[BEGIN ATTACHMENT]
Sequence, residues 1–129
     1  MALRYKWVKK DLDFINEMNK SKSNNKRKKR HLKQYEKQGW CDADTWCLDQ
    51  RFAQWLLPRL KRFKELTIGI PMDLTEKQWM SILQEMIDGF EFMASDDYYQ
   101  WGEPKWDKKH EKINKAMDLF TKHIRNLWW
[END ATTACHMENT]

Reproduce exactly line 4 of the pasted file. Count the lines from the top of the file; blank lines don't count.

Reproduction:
   101  WGEPKWDKKH EKINKAMDLF TKHIRNLWW